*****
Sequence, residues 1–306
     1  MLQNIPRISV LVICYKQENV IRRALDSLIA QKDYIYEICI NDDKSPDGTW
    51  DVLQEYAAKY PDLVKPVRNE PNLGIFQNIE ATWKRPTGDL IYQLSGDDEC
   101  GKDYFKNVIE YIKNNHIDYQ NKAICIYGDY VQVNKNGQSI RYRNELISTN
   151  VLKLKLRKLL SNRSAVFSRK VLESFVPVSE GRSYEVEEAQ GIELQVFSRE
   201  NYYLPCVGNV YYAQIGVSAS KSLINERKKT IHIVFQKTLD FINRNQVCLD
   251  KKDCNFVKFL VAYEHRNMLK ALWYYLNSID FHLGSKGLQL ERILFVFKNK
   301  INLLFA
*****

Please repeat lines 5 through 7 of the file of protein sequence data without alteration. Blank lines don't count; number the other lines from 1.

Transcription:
   151  VLKLKLRKLL SNRSAVFSRK VLESFVPVSE GRSYEVEEAQ GIELQVFSRE
   201  NYYLPCVGNV YYAQIGVSAS KSLINERKKT IHIVFQKTLD FINRNQVCLD
   251  KKDCNFVKFL VAYEHRNMLK ALWYYLNSID FHLGSKGLQL ERILFVFKNK